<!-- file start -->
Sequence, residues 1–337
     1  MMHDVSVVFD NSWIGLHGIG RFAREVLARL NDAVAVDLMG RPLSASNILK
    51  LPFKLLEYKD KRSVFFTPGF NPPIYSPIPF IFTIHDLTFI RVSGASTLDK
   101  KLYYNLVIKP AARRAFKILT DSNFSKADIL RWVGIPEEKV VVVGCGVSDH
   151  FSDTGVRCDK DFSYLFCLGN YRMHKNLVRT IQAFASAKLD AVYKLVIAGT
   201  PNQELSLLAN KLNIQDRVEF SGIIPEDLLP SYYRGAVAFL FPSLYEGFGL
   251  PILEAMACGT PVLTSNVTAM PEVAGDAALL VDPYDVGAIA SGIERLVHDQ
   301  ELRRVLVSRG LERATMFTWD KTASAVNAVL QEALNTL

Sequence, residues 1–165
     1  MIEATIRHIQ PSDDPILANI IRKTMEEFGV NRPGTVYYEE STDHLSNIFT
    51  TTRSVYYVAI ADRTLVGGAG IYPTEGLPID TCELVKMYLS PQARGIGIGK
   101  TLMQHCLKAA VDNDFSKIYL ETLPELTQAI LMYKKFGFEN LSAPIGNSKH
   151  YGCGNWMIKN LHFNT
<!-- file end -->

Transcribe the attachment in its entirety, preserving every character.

Sequence, residues 1–337
     1  MMHDVSVVFD NSWIGLHGIG RFAREVLARL NDAVAVDLMG RPLSASNILK
    51  LPFKLLEYKD KRSVFFTPGF NPPIYSPIPF IFTIHDLTFI RVSGASTLDK
   101  KLYYNLVIKP AARRAFKILT DSNFSKADIL RWVGIPEEKV VVVGCGVSDH
   151  FSDTGVRCDK DFSYLFCLGN YRMHKNLVRT IQAFASAKLD AVYKLVIAGT
   201  PNQELSLLAN KLNIQDRVEF SGIIPEDLLP SYYRGAVAFL FPSLYEGFGL
   251  PILEAMACGT PVLTSNVTAM PEVAGDAALL VDPYDVGAIA SGIERLVHDQ
   301  ELRRVLVSRG LERATMFTWD KTASAVNAVL QEALNTL

Sequence, residues 1–165
     1  MIEATIRHIQ PSDDPILANI IRKTMEEFGV NRPGTVYYEE STDHLSNIFT
    51  TTRSVYYVAI ADRTLVGGAG IYPTEGLPID TCELVKMYLS PQARGIGIGK
   101  TLMQHCLKAA VDNDFSKIYL ETLPELTQAI LMYKKFGFEN LSAPIGNSKH
   151  YGCGNWMIKN LHFNT